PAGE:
Marvin LaVerne Katz, who served as 1980 SPE President and was instrumental in helping SPE become an international association, died 22 November. He was 83.
Katz began his career at Sinclair Oil Corp. in 1960 as a research engineer and systems administrator before joining Atlantic Richfield Company (ARCO). It was there he found great success as an executive, serving in numerous leadership roles focused primarily on exploration and production research, long-range planning, and operations support. He left ARCO in the late 1980s and joined Chief Petroleum Company, retiring in 1992 as vice president of engineering.
As 1980 SPE president, Katz made significant contributions to the internationalization and growth of SPE. During the 3 years of his presidential rotation and travel, both the industry and SPE were in a period of rapid transition. The Society was working actively on becoming an international organization, and as a separate entity from the parent organization, the American Institute of Mining, Metallurgical, and Petroleum Engineers (AIME). Some members wanted SPE to be more active in promoting US national energy policy. But Katz and others steered the Society toward internationalization and emphasized that SPE should continue to focus only on technical-information dissemination and professional affairs. These efforts led to the growth of SPE internationally and SPE was incorporated separately from AIME in 1985.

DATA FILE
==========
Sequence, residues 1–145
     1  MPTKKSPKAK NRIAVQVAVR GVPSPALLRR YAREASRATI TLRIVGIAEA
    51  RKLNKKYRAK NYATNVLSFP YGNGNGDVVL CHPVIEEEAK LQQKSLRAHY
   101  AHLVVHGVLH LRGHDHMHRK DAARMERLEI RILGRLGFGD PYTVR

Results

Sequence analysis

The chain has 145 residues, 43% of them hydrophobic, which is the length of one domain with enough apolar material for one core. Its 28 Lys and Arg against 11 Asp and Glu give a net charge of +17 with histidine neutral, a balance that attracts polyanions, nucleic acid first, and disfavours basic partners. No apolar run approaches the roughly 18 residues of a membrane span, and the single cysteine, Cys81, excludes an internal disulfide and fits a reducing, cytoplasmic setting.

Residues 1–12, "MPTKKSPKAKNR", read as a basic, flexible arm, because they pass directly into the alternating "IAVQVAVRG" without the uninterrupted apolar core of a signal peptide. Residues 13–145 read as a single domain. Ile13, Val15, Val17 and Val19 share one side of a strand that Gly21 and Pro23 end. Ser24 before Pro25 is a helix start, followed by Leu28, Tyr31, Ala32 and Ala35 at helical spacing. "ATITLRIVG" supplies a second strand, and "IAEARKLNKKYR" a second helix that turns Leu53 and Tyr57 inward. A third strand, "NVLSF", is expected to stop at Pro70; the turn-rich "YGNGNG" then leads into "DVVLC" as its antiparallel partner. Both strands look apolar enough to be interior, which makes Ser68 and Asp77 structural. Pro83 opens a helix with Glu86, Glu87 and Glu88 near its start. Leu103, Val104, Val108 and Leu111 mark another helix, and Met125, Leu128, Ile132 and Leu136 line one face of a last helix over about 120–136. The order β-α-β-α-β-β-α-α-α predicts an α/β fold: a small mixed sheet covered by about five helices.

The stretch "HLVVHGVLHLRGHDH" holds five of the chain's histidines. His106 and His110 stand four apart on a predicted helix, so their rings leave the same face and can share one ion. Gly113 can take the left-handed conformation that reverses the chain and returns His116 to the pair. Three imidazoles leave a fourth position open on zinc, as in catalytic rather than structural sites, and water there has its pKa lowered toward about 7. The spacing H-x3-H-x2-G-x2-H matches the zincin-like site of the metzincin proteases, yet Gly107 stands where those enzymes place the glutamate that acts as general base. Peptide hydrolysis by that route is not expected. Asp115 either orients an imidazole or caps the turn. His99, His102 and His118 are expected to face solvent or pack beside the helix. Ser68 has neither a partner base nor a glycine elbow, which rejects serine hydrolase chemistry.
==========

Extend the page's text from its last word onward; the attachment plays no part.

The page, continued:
A significant inflection point in SPE’s history, the internationalization led to SPE sections being founded across the world. “It is truly gratifying to see how international in scope SPE has become,” said Katz, recalling his years as president in a 2007 JPT article celebrating SPE’s 50th anniversary.
Katz was named an Honorary Member of SPE, the association’s highest honor that is limited to 0.1% of the SPE total membership. He was also selected an SPE Distinguished Member and received the SPE Distinguished Service Award, and was active in the SPE Foundation, serving as vice president, senior vice president, president, and chairman.
Katz was a member of the Coordinating Subcommittee and chairman of the Technology Task Group of the National Petroleum Council's Committee on Enhanced Recovery Techniques for Oil and Gas in the US, and served as a member of advisory committees to the Texas A&M and University of Tulsa departments of petroleum engineering. He held BS, MS, and PhD degrees in chemical engineering from the University of Michigan.
Katz is survived by his wife of 64 years, Suzanne Gary Katz, three children, 11 grandchildren, and three great-grandchildren.
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